In Search of Ravilious

Eric Ravilious (1903–1942) is acknowledged today as a water­colourist of rare talent. Indeed, he has become over the last decade one of the most widely admired British artists of the 20th century. To celebrate the remark­able achieve­ments of an artist who died serving his country at the age of 39, we are preparing the catalogue raisonné of his water­colours. We aim to find, catalogue and reproduce in colour every Ravilious water­colour, with wide-ranging notes and an exten­sive introduc­tory essay that will offer new insights into the life and career of this fascinat­ing artist. Eric Ravilious: The Complete Water­colours will be published in 2019 by the Hedingham Press, with the full support of the artist’s estate.

If you have information about Ravilious or his work that you would like to share with us, please don’t hesitate to contact us at raviliouscatalogue@gmail.com. All enquiries will be treated in the strictest confidence.

The Hedingham Press

The Hedingham Press is a new private press establ­ished in 2017 by James Russell, Robert Dalrymple and Gordon Cooke, for the specific purpose of pub­lish­ing this book.

James Russell curated the block­buster 2015 exhibition Ravilious at Dulwich Picture Gallery. An independ­ent art historian specialising in 20th century British art and design, he has written several previous books on the artist, including the four-volume series Ravilious in Pictures.

Robert Dalrymple is a book designer based in Edinburgh. He has designed publications for most of the major museums and galleries in the UK. In 1986 he published Ravilious and Wedgwood: The Complete Wedgwood Designs of Eric Ravilious, which remains in print after more than thirty years.

A director of The Fine Art Society, Gordon Cooke first worked with the heirs of Eric Ravilious 35 years ago and has developed an intimate knowledge of the artist and his work. He was a director of the art book publisher Robin Garton Ltd and has compiled many exhibition catalogues.

Eric Ravilious 1903–1942

In a career cut agonisingly short when he was lost off the coast of Iceland while serving as an official war artist, Eric Ravilious (1903–42) achieved renown as a wood engraver and designer for industry, but his greatest ambition was, as he confided to a student in the 1920s, to revive the English watercolour tradition.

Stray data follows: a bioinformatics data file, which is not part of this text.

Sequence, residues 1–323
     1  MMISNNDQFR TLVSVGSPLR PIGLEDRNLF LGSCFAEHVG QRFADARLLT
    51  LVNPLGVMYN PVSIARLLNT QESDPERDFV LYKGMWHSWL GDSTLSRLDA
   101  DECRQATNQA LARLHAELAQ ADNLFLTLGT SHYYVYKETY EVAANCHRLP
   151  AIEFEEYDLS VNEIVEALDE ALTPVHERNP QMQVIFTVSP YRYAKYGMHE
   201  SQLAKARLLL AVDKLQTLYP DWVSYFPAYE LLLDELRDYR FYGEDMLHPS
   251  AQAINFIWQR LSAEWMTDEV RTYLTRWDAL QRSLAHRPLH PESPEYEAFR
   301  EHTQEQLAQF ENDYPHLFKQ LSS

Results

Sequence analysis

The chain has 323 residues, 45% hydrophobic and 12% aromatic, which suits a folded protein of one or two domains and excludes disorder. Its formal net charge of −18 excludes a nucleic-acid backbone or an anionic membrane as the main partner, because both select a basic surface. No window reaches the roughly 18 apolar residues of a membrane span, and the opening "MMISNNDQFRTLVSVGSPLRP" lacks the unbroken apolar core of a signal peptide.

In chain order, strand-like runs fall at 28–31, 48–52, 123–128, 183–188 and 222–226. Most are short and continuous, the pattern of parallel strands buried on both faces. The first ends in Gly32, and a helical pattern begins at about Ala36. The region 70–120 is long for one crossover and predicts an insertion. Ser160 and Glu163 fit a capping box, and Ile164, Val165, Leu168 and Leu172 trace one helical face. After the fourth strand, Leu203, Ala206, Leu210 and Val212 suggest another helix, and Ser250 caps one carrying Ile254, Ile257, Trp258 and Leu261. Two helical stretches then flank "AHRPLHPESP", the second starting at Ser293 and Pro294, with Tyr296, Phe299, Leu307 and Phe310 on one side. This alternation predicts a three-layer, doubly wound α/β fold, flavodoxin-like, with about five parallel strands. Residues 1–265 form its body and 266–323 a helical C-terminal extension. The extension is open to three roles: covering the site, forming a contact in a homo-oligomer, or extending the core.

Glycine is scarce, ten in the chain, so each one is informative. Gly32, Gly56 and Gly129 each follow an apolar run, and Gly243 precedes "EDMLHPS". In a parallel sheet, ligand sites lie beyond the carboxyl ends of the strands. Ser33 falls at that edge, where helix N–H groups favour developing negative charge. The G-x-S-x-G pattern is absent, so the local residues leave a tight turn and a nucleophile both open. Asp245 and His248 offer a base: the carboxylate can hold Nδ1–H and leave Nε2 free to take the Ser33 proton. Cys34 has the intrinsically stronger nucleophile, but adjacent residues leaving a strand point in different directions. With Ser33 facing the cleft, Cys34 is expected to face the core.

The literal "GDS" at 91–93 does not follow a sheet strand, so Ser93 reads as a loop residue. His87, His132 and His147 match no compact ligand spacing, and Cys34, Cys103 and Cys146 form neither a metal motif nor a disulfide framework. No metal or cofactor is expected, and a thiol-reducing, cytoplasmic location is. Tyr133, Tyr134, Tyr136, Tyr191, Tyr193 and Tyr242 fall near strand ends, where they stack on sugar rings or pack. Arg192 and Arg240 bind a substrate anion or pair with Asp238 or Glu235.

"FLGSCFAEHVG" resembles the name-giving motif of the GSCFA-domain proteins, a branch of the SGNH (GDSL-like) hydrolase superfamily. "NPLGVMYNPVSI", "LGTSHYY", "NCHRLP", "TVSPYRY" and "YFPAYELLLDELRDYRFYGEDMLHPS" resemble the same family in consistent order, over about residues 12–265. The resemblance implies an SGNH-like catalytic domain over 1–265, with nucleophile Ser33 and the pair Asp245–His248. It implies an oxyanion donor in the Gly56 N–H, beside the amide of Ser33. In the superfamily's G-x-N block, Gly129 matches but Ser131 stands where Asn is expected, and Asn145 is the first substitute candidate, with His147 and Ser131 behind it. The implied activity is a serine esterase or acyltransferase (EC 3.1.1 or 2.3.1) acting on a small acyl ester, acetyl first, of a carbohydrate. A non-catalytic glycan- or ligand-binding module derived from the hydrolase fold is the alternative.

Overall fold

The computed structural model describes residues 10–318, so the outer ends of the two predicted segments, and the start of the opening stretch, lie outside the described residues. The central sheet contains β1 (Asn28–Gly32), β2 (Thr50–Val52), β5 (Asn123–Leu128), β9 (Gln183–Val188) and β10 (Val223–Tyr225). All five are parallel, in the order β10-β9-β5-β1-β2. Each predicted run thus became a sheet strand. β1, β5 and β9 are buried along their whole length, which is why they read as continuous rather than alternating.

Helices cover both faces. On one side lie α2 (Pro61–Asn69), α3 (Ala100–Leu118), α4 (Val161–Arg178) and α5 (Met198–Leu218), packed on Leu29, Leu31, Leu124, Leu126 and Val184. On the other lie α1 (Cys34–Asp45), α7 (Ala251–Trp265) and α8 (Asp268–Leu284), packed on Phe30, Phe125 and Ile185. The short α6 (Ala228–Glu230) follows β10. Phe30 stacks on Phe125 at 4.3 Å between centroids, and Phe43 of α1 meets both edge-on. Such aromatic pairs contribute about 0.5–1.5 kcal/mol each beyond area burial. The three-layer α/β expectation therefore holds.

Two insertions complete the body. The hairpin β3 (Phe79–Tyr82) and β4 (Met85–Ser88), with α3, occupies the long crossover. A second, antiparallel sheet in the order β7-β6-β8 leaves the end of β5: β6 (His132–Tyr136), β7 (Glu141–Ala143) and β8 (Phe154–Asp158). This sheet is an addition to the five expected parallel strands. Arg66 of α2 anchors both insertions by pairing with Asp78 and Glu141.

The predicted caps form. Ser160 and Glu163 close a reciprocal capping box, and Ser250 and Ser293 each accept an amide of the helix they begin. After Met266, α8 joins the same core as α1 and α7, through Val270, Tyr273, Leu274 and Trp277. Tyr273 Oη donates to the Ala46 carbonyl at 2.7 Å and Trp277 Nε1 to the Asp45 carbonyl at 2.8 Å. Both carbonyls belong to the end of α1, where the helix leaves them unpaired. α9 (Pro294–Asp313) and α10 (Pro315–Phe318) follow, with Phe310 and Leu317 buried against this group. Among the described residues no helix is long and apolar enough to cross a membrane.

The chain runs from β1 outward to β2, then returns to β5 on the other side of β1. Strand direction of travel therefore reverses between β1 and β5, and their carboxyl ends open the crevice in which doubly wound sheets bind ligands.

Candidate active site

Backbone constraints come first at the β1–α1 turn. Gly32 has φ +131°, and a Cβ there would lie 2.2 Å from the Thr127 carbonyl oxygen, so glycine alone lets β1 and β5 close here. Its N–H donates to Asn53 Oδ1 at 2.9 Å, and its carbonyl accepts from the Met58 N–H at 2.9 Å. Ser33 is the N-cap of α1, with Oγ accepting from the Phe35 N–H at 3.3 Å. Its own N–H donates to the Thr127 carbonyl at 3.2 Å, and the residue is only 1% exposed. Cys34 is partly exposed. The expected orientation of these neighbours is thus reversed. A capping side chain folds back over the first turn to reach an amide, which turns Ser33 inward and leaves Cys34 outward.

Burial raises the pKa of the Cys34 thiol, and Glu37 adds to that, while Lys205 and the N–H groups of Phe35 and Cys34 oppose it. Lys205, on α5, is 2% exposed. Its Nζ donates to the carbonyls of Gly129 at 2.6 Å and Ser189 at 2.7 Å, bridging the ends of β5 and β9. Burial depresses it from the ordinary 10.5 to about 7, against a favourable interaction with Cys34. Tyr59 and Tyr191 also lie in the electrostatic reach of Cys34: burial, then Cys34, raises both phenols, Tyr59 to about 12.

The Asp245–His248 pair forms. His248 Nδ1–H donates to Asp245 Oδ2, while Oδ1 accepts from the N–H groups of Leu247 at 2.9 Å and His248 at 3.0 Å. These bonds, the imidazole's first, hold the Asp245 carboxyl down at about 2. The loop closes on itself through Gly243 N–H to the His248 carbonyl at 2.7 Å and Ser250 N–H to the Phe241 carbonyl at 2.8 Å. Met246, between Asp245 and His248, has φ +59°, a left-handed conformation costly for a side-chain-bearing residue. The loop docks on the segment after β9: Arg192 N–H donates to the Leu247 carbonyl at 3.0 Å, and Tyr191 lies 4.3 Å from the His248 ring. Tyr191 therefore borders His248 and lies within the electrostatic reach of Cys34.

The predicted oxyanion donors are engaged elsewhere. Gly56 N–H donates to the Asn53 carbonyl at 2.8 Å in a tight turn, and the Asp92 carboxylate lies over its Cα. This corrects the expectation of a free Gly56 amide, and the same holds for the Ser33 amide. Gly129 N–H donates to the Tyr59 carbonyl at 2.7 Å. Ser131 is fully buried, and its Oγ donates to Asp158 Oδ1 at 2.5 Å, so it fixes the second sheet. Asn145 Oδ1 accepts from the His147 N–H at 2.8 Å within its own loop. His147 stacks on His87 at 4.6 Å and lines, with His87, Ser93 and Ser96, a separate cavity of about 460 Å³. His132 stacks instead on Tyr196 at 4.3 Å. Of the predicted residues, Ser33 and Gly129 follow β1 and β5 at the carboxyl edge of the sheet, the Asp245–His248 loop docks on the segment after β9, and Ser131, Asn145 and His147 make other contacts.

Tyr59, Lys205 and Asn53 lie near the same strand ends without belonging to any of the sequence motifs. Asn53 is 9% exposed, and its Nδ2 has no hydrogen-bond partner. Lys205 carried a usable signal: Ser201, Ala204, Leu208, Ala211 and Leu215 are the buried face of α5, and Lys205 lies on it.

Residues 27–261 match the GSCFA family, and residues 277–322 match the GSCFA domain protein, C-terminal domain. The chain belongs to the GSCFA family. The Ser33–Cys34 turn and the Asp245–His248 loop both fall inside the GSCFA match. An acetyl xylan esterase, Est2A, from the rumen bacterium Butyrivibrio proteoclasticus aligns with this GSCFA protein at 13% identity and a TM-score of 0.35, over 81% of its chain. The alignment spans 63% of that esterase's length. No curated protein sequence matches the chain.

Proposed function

An excellent draughtsman even as a child, and in his late teens a student of Alfred Rich’s primer Watercolour Painting (1918), Ravilious had the good fortune to be taught by Paul Nash, who was briefly a tutor at the Design School of the Royal College of Art (1924–5). Nash was one of the leading lights in a renaissance of watercolour painting that inspired talents as diverse as Edward Burra, Frances Hodgkins and David Jones, and he willingly shared with Ravilious his tricks and techniques. In 1927 Ravilious showed watercolours, alongside those of fellow Royal College graduates Edward Bawden and Douglas Percy Bliss, at Arthur Howell’s St George Gallery, but it was in the early 1930s, when he lived and worked with Bawden at Brick House, Great Bardfield, that his vision began properly to form.

His first solo exhibition was held in November 1933, at the fashionable Zwemmer Gallery on Charing Cross Road, and showed a young artist trying out a range of styles, from carefully tinted drawings to watercolours painted with relative freedom and a bold palette. Here and there, though, were works that had something more about them, an indefinable, mesmerizing quality. Six years later Eric Newton of The Observer reviewed Ravilious’s third solo show, and struggled to describe what he felt on seeing the work; the watercolours were, he wrote, ‘almost untranslatable’. By now Ravilious was a master of his craft, with an array of watercolour techniques at his command and the ability, through careful design, to bring the most ordinary scene or object to life.

Along with Bawden, he was one of the first war artists to be appointed during the winter of 1939/40. Freed from the need to make a living as a designer, Ravilious threw himself into his work, producing for the Admiralty and then the Air Ministry almost as many watercolours as he had painted in his career to date. His playfulness did not diminish, and neither did his willingness to experiment; indeed, it was his determination to try and capture the experience of flight that led him to his downfall on an RAF search and rescue mission in September 1942.

Eric Ravilious: The Complete Watercolours

Although Ravilious's loss was keenly felt by all who knew him, it was some time before the artistic cost of his untimely death was properly appreciated. In the tumultuous post-war decades, the art world turned away from the lyrical and mysterious; there were Ravilious exhibitions in 1958 and 1972, but it was probably in the 1980s that the tide began to turn. In 2003 an impressive centenary exhibition at the Imperial War Museum was warmly received and since then Ravilious has moved steadily in from the margins to take a central place in histories of 20th century British art. This is thanks in good measure to his daughter Anne Ullmann and other researchers, who have tracked down a remarkable number of watercolours.

Our job now is to find those that remain unaccounted for, to catalogue properly the whole body of work, and to put together a book that will serve both as a visual and documentary record and as a celebration of an illustrious career. We welcome any information that you feel would add to our understanding of Ravilious and his work; please contact us, in strictest confidence, at raviliouscatalogue@gmail.com.

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